The Belvedere Inn: Wine and Cuisine Pairing

The Belvedere Inn: Wine and Cuisine Pairing

11071751_10153174446309329_4001239471235709973_nOn Thursday March 12, Fine Living Lancaster magazine’s very own creative director, Katerina Kuss, and copy editor/writer (myself) ventured out in our Sunday’s finest for a food and Waltz wine pairing at the Belvedere Inn. We had no idea what to expect, but we knew our future was headed towards something remarkable.

We entered Crazy Shirley’s Lounge and were immediately greeted with two delicate glasses of rosé. The glasses were each decorated with ornate letter “B”‘s. Several guests were scattered about the dimly lit room, lightly chatting with one another and sipping their first libation.

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IMG_7629The rosé was to be enjoyed with a selection of three hors d’ oeuvres. The first hors d’ oeuvre was a light, flaky pastry cup filled with cinnamon-braised short ribs and topped with a jalapeño aioli. The meat was tender and sweet, balanced by a bite of spiciness. The second appetizer was a Cajun crawfish chowder served in a tiny espresso cup. The level of complexity in the soup paralleled the first appetizer, blending sweet with spicy. The third appetizer was a crispy crostini with a slice of soft brie and fig chutney. The wine brought out a light blend of bitterness and sweetness and the smooth and crunchy textures were very pleasant.

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IMG_0387The first full course of the evening was placed in front of us with a glass of fusion wine (a blend of sauvignon blanc, chardonnay, and semillon). Served in an asymmetrical bowl, a steamed Blue Point Oyster was resting over pink ribbons of watermelon radish and grapefruit-jalapeño mignonette. We tasted tangy, sweet, and spicy flavors from the vinegar, grapefruit, and hot peppers. Smooth, crunchy, and juicy textures were featured in this dish.

IMG_2767The second course was an east coast halibut carpaccio, pickled red chiles, shallots and a sea bean salad. It was served with a glass of sauvignon blanc. An aspect I don’t normally notice in a dish but truly appreciated in this particular one was that the fish and accompaniments were served at a resfreshingly cool temperature, but were not cold. Katerina and I had to do an internet search on sea beans. Sea beans, or drift seeds, usually sprout on tropical shores and get swept to sea where they drift for thousands of miles and are eventually picked up as they wash onto shore. The halibut carpaccio, smoky and tender, was one of my favorite s. I wanted it to last forever.

IMG_0176The third course, a smoked bacon-glazed quail, was served with polenta-cumin creamed corn, arugula chimichurri and a glass of chardonnay. Beautifully plated, the perfectly prepared quail was juicy and tender, with touches of smoky saltiness. Katerina and I both tasted notes of maple in it as well. The polenta, hearty and herbal, was smooth, creamy and slightly sweet. We both loved this course.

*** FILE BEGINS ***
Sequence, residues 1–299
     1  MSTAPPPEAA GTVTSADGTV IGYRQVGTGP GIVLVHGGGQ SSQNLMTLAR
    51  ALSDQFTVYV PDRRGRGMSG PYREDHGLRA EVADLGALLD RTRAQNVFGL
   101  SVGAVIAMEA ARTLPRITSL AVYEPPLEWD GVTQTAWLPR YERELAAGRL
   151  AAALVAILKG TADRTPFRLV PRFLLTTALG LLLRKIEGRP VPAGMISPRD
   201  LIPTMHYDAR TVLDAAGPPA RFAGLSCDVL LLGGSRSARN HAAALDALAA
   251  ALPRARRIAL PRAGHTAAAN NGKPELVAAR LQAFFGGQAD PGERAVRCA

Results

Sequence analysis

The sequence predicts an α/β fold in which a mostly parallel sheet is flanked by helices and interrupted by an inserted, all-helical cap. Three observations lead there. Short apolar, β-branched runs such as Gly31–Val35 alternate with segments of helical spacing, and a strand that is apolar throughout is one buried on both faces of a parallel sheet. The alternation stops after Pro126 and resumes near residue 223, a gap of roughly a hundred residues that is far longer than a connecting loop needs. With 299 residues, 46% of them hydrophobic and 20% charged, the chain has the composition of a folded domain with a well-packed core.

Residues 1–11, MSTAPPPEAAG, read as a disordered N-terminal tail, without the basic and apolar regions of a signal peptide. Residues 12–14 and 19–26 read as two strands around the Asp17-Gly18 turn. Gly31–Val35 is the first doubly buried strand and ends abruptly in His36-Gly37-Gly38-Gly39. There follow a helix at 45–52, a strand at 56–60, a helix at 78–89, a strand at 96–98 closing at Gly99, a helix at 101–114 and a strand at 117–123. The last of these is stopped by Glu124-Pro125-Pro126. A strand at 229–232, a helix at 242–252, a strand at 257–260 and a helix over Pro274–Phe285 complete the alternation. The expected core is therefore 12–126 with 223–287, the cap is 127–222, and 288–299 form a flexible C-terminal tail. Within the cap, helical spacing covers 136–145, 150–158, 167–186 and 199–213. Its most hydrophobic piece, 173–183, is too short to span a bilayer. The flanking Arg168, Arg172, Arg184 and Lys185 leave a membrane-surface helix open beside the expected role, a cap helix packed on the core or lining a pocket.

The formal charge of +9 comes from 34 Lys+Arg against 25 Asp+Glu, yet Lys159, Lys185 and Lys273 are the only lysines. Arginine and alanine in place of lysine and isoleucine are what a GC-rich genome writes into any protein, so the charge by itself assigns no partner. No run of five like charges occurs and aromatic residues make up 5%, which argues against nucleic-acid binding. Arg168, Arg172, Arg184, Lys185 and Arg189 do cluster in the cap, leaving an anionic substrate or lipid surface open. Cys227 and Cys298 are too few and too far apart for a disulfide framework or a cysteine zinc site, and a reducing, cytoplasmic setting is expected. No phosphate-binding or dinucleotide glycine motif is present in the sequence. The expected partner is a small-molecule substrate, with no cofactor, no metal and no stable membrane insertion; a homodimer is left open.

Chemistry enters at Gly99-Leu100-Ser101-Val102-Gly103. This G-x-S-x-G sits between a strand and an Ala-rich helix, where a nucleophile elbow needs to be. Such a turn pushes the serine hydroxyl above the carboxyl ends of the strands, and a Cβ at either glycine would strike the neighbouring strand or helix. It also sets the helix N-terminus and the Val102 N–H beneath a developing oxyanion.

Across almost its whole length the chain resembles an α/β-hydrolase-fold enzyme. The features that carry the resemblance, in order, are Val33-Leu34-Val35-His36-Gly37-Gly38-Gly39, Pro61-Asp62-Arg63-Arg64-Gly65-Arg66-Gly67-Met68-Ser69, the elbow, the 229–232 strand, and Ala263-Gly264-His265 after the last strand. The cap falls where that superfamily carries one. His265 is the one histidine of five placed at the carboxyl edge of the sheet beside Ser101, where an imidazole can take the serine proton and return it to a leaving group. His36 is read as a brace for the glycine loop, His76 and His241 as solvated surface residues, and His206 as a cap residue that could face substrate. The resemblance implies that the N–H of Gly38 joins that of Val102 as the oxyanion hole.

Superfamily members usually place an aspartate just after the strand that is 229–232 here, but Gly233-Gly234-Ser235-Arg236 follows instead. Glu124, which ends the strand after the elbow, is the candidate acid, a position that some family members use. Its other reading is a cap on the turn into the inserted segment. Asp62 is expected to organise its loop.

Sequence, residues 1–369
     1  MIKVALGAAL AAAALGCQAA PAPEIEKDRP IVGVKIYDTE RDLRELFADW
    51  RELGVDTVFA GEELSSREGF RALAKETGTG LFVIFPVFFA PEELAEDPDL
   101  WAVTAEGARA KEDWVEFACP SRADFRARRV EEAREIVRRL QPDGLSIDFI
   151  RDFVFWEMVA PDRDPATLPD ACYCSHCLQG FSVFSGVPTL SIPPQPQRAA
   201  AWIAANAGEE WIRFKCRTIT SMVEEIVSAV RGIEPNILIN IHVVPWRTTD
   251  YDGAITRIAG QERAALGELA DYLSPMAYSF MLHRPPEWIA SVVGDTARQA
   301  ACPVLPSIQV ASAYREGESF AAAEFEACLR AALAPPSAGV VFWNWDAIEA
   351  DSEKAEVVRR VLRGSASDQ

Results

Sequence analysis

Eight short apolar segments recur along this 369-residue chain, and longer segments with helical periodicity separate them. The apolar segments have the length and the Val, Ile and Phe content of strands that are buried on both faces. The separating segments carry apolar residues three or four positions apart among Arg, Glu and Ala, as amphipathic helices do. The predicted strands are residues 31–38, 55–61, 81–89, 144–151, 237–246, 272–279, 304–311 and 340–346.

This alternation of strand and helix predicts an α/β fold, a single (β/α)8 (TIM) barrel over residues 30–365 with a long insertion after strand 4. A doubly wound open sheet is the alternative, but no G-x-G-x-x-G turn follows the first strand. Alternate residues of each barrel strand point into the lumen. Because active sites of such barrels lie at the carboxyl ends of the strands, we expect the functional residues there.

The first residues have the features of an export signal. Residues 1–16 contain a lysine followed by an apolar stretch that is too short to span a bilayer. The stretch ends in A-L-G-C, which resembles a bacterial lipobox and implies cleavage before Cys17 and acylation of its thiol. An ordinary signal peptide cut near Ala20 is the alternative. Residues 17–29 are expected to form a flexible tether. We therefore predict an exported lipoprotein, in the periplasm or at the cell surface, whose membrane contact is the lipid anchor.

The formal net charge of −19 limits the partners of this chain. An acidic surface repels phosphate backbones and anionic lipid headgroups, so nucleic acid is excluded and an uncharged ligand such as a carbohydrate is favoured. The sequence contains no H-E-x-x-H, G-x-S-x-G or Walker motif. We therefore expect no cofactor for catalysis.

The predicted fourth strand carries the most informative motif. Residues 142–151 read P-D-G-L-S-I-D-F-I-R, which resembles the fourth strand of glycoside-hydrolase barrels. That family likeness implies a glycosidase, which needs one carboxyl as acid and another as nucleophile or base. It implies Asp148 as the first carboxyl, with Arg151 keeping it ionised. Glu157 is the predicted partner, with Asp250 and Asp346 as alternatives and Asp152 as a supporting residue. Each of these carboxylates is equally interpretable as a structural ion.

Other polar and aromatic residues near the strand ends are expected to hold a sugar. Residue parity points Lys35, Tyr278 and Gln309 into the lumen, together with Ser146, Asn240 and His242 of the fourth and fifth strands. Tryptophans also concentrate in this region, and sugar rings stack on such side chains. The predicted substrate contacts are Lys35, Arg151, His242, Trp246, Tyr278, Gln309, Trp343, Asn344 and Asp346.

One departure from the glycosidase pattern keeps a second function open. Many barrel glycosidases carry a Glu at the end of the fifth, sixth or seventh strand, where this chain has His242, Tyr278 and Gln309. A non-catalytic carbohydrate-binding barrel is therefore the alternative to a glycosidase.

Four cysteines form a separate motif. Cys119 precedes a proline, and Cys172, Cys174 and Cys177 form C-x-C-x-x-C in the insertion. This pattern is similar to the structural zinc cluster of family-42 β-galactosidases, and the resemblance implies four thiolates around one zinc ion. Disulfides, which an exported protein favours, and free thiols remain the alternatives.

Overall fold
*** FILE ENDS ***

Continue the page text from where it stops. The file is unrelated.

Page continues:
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IMG_7235The fourth course, served with a glass of merlot, was a grilled aged strip steak. It included a dark chocolate mole poblano sauce and plantain Yukon potato puree. This course was Katerina’s very favorite. The rich cacao and fiery poblano in the mole sauce paired perfectly with the rare steak. All of the savory flavors fared quite well with our taste buds. The cuisine and wine had become more savory and indulgent by this point in the dinner.

IMG_4700The fifth and final dinner course was a winter spiced four-hour braised venison osso bucco served with root vegetable smash and fried salsify. (Salsify is a plant in the daisy family.) A glass of cabernet sauvignon was paired with this course. I had never tasted venison before, and I am certain I will never taste venison as delicious as the Belvedere chefs presented it. It was the most incredible flavor. The other guests at our table said that this venison was prepared correctly, taking away the typical “gamey” taste which shows up in many venison dishes. The root vegetable smash was out of this world. It was salty and rustically made, with pieces of vegetable throughout. The flavor of roasted carrots were very present in our servings.

IMG_6552Our final course was a dainty plate with three Miesse chocolates. One of these was  a merlot truffle which was basically rich chocolate wrapped around more rich chocolate. It was marvelous. The second chocolate we tried was the mint-chocolate truffle. Our personal favorite was the salted caramel truffle which was  chewy, sweet, and salty truffle (there was salt sprinkled on the top).

The experience we had at the Belvedere Inn was brought full-circle when the chefs came upstairs to speak with the guests and discuss any questions we had. When Katerina and I left the restaurant, we agreed that our experience was perfectly satisfying. We can’t wait for the next one!

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Emily Truman, a Millersville graduate with a degree in Psychology, has edited nursing textbooks for almost 5 years. She has been editing for FLL since the working stages of Issue 32. Aside from editing work, Emily also makes pies with unique fillings and flavor combinations, as well as repurposed clothing and jewelry. She loves spending quality time with friends, her family, and her bulldog Ozzy.